The tough questions this day were what was the market – health care or health care insurance – and if it is health care insurance, can Congress compel someone into the market for the purposes of regulation.
Lesson 2: Don’t rush to judgment. The common wisdom was wrong.
Since the lawsuits were first filed, many Democrats, and perhaps the majority of legal scholars, have asserted that this would be a “slam dunk,” and the courts would have little difficulty in upholding the constitutionality of the law. Those of us who followed the oral arguments understand that this is not a “slam dunk” at all, and in fact, the law may very well be in trouble.
Lesson 3, to observers: Guessing how a justice will vote from a line of questioning is difficult and hazardous.
There are times when a justice just comes out and states his or her opinion during questioning. In those cases, you can be reasonably sure how that justice will end up voting.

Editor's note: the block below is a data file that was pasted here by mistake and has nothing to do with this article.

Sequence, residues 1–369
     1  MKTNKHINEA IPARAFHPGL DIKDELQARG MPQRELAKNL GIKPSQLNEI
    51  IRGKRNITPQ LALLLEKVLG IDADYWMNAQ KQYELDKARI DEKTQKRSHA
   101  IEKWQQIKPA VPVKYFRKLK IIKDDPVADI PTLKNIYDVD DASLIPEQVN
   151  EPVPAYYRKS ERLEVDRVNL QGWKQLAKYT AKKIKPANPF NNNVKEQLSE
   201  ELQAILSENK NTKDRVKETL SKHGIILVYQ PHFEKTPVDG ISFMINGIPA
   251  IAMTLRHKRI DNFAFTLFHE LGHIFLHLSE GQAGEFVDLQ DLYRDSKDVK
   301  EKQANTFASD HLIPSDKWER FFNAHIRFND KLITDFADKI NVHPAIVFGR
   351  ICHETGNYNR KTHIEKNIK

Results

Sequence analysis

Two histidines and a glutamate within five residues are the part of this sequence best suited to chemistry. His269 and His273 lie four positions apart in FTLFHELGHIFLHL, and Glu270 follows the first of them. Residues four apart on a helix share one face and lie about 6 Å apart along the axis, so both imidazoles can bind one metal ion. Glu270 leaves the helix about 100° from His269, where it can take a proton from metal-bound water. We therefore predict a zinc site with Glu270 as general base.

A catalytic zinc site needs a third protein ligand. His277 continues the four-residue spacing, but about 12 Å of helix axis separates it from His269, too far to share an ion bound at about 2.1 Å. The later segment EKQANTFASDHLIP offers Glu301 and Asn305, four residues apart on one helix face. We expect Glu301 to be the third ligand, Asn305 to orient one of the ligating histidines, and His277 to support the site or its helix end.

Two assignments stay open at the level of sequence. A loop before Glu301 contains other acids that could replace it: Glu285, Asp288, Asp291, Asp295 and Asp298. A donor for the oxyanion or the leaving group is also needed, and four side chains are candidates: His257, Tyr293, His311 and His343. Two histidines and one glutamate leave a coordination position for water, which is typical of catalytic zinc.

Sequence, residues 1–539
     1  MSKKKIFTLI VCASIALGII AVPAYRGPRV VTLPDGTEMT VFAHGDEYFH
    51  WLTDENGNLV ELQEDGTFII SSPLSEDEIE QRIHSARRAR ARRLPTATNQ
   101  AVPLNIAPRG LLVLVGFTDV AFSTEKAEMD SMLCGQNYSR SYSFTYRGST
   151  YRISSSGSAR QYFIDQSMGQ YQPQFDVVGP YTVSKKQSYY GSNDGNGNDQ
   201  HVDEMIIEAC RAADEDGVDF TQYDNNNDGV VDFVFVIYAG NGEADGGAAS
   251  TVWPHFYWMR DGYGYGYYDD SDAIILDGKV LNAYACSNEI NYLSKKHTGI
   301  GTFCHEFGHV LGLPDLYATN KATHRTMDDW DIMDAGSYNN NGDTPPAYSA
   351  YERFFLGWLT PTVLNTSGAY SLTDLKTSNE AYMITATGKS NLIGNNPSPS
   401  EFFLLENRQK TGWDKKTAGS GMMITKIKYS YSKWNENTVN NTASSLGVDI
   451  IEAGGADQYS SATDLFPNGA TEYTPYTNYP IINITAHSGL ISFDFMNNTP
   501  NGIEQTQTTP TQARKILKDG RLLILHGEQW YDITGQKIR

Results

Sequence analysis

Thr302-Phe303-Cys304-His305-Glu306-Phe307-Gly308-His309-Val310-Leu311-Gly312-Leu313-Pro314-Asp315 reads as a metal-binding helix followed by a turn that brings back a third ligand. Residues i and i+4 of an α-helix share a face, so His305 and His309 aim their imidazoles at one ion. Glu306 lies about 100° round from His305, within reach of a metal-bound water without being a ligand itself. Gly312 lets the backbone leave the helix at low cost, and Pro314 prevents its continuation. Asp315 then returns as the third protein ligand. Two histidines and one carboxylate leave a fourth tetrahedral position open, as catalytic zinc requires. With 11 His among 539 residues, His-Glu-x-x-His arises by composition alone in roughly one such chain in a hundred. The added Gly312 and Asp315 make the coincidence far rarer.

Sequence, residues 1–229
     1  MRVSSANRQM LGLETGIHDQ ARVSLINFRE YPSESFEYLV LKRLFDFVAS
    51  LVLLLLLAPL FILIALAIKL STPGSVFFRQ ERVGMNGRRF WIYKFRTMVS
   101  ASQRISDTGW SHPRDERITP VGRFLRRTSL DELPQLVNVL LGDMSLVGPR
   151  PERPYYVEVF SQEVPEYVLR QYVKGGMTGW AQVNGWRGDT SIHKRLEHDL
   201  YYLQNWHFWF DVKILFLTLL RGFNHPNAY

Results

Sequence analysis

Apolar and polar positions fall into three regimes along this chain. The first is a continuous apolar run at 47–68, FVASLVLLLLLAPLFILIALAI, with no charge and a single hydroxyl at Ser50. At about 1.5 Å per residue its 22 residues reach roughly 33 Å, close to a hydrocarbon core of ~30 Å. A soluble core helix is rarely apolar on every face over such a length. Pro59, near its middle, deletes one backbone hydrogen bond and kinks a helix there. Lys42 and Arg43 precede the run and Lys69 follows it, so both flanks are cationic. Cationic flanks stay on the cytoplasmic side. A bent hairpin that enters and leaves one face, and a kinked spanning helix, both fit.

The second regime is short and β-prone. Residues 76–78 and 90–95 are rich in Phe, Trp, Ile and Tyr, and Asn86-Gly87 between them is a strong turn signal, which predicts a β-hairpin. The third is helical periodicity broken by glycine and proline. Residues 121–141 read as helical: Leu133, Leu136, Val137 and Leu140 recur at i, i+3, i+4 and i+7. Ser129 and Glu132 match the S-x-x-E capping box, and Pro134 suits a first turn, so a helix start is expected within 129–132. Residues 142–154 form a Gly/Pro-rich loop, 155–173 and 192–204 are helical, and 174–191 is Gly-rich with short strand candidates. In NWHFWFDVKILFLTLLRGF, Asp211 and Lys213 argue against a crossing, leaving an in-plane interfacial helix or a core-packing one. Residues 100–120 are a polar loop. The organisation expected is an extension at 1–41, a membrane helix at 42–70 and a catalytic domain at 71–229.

But most justices are not so forthcoming, and it is not unheard of for a justice to change his or her opinion as the decision is being formulated and written. Some, such as Justice Clarence Thomas, are known for not asking any questions, while others are known for questioning the side they are leaning toward more severely in order to firm up their opinion. Chief Justice John Roberts had tough questions for both sides.
Despite the rush by many media and legal commentators to pronounce the individual mandate dead based on the second day of questioning, this is speculative and premature.
Lesson 4, to Congress: Tailor the remedy as narrowly as possible to the problem you are trying to solve.
It was clear that some of the justices were troubled that the solution to the problem the government articulated (that some of the uninsured are experiencing catastrophic health care problems on an emergency basis that they cannot pay for and thus these costs get passed along to all those with insurance) was addressed by requiring everyone to have health insurance that would meet the minimum benefit requirements.